It’s outrageous that the DOT walked out on the community without giving an honest response as to why they haven’t responded to the community’s request for 3 years. Mayor Adams and DOT Commissioner Rodriguez give lip service to caring about community input and safety, and then when they get input from our Community Board they don’t even bother to respond or give any reasoning as to why their input is being ignored. Disgraceful. The lack of loading zones causes car backups that block pedestrian access and views of oncoming traffic, it causes cars to block bike lanes and run lights- it’s a safety nightmare. And elderly residents need space in front of their buildings to be picked up and dropped off. I agree with the CB representative- we need loading zones urgently and the current number of ZERO is just shameful.
“It’s your community, check our website and check it often.”
This is obnoxious. Publicize important decisions!
Loading zones are not the panacea they seem to be.
For example, there might be multiple trucks at the same time or none.
Or let’s say you are moving stuff to/from your building but the loading zone is down the block – may be complicated.
New loading zones in the East Village have had unintended negative consequences.
A Modest Proposal:)
Reduce traffic generators – reduce ecommerce ordering and eliminate new luxury development.
Restricting business and property rights is anything but a modest proposal.
Probably a play on Jonathan Swift’s A Modest Proposal.
It is shocking that the community representative of a taxpayer-funded City agency would simply walk out of a Community Board meeting when she didn’t like what she was hearing. It is also shocking that there are ZERO loading zones on CPW as e-commerce continues to rise. I don’t know which is worse.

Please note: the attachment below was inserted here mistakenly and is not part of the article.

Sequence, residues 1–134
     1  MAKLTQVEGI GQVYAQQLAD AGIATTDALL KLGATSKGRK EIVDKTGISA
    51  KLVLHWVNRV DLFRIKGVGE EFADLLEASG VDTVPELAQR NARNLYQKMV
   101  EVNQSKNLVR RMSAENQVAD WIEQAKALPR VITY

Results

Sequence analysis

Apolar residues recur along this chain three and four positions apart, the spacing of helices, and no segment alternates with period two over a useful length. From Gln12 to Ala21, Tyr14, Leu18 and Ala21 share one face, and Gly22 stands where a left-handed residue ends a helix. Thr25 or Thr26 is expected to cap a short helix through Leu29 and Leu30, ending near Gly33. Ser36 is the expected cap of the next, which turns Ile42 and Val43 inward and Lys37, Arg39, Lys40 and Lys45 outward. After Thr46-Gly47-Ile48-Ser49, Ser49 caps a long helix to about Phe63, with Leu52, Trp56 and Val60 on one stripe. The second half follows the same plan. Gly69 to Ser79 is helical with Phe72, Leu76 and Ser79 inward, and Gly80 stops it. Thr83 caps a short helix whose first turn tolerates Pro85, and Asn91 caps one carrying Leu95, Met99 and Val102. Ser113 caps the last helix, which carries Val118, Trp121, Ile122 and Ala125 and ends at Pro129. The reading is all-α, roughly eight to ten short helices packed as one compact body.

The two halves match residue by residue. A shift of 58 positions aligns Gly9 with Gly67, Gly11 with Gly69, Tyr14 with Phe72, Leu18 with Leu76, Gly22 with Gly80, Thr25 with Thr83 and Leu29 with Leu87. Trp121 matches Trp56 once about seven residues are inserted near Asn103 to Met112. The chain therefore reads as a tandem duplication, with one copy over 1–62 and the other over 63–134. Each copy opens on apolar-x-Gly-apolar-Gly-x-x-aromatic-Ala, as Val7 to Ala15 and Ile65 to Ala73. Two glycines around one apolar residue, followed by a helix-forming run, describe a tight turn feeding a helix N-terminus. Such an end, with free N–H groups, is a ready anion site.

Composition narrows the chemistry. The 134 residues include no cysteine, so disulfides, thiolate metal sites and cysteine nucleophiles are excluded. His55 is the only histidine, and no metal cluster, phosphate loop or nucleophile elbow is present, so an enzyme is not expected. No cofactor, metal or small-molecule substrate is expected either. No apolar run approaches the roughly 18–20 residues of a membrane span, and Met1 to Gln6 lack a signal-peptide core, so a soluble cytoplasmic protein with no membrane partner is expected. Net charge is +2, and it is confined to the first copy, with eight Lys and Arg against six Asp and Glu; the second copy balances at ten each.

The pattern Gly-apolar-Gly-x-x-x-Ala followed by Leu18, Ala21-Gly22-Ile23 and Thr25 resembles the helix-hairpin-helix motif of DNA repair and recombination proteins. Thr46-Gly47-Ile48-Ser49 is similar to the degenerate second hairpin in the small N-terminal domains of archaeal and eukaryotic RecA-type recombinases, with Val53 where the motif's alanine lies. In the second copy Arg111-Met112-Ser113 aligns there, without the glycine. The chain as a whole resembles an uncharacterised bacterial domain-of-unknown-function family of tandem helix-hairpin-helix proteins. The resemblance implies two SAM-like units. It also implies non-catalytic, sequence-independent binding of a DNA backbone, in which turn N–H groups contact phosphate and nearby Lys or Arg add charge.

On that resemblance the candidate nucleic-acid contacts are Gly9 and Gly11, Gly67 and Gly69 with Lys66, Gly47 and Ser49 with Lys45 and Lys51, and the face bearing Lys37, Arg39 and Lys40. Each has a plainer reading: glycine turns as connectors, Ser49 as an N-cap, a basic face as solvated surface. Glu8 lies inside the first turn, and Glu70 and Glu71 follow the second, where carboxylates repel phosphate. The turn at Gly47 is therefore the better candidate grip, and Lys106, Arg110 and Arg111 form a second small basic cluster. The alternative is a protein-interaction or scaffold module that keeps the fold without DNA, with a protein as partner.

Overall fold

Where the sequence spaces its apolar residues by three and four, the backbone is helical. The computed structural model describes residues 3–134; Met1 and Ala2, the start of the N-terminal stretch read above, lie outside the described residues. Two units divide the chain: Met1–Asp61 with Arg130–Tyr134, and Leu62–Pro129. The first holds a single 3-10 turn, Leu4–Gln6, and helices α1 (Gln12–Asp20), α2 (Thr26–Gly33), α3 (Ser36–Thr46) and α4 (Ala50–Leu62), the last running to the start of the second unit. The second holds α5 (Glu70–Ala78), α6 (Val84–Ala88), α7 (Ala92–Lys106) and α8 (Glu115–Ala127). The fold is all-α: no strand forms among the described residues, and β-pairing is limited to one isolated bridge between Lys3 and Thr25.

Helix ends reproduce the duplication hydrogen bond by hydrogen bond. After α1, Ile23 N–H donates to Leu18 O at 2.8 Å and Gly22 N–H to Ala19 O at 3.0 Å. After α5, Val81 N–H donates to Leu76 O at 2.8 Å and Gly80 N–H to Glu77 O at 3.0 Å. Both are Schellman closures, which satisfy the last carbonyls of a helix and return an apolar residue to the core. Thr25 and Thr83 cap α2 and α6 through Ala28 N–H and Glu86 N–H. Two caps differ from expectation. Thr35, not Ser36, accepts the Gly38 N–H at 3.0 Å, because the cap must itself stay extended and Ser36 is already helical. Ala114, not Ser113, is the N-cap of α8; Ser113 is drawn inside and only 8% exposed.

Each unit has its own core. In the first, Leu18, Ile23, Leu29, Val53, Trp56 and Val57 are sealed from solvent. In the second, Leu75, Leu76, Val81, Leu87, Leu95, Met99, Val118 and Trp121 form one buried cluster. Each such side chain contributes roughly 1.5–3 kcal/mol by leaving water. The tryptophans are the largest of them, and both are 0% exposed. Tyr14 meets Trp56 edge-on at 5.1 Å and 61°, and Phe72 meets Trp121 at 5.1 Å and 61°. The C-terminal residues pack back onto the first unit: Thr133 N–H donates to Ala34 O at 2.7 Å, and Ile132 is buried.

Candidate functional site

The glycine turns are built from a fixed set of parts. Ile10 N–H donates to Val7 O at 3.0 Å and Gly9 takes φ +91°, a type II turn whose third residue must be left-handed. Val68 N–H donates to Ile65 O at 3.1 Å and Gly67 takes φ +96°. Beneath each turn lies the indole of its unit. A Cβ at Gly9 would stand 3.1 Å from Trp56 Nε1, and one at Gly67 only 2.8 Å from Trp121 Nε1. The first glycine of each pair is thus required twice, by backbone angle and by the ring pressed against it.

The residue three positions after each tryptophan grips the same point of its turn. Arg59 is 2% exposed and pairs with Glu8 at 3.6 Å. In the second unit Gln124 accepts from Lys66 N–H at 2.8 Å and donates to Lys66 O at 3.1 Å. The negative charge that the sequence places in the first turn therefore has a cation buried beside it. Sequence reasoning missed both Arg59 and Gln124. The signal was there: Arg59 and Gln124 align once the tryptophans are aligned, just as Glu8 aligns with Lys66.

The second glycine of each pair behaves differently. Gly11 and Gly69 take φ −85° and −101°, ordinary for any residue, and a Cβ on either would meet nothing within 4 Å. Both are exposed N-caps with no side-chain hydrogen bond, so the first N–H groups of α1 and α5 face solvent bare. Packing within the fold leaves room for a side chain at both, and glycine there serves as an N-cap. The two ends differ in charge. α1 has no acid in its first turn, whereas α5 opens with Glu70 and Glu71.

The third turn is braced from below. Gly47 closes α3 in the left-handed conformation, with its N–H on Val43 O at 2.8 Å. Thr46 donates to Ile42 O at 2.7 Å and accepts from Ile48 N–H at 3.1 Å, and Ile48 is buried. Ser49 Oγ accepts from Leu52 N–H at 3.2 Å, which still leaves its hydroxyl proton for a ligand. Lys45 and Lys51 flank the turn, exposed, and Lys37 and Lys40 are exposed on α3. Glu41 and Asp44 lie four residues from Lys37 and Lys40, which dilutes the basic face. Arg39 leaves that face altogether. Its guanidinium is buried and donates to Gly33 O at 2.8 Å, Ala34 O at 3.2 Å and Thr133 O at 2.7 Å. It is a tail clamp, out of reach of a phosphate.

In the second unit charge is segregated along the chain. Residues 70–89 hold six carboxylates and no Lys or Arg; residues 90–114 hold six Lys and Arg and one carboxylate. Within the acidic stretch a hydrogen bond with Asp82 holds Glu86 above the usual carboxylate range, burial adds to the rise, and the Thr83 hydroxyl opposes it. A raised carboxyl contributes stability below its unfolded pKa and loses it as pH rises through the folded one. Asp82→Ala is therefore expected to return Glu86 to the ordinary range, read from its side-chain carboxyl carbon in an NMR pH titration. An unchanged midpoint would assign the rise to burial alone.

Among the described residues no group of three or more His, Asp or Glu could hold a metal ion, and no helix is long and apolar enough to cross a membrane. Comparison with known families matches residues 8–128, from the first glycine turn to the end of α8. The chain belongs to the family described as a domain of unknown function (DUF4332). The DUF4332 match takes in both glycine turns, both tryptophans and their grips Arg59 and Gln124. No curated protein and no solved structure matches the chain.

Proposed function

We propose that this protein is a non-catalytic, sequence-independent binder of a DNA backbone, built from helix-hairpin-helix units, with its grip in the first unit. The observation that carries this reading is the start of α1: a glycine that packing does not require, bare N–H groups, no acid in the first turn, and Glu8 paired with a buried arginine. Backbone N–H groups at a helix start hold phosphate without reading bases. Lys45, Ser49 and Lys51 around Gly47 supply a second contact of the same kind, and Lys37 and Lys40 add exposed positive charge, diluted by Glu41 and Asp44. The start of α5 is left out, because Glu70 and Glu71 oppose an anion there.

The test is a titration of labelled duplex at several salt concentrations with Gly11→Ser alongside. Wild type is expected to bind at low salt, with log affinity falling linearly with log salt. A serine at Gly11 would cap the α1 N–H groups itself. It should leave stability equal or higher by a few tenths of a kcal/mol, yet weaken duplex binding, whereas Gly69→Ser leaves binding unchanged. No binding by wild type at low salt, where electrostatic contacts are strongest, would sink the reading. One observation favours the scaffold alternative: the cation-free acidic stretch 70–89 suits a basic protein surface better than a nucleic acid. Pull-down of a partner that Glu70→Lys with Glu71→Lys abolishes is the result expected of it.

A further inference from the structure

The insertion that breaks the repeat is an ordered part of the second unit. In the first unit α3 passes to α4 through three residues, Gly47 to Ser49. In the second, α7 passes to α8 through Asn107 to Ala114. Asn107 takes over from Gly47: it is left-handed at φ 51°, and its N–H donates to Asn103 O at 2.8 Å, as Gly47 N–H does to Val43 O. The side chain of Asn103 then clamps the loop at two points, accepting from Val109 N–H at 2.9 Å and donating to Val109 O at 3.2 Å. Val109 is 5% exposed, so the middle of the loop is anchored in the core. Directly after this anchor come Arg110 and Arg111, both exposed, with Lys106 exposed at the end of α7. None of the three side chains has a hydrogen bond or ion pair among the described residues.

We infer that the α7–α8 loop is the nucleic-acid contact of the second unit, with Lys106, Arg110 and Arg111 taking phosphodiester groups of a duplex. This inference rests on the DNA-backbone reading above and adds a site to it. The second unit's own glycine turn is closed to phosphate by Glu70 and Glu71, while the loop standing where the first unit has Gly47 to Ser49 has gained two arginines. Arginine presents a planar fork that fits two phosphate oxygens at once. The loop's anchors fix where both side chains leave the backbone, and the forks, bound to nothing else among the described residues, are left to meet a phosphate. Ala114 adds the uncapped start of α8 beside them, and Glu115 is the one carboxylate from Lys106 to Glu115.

The problems with flow and congestion on the major north-south arteries are directly related to the Bloomburg-DiBlasion administrations’ reconfiguration of roadways and installations of the ubiquitous, dedicated bicycle lanes and the relocating of formerly curb-side parking spaces. This constriction has been exacerbated by the 2020-21 Covid19-related proliferation and existence of dining sheds.
Bicycle lanes, with the exception of motorized bike home delivery personnel, and a small contingent of Citibike renters, are utilized by a fraction of the volume that actual motorized vehicular lanes are.
The city would do itself, it’s citizens, all delivery-dependent businesses, and all traveling, vehicular traffic, a great service by eliminating all bike lanes (and Citibike corrals) and dining sheds, restoring legal curb-side parking to the physical curb, and creating a number of salient, planned loading zones for commercial properties and residential buildings.
Bikes don’t cause car congestion — cars cause car congestion. If you are driving a car and complaining about traffic — YOU ARE THE TRAFFIC. Drivers’ obsession with blaming everyone but themselves for the issue of traffic congestion is exhausting.
Cars don’t own the roads. All commuters, including cyclists, deserve to have the roads designed with their safety in mind.
You want the bike lanes to be removed because they dont benefit you, and you want parking g restored because it does benefit you. But we had gridlock in the city well before the first bike lane was installed by Bloomberg. Traffic data actually showed that speeds increased after a bike lane was installed.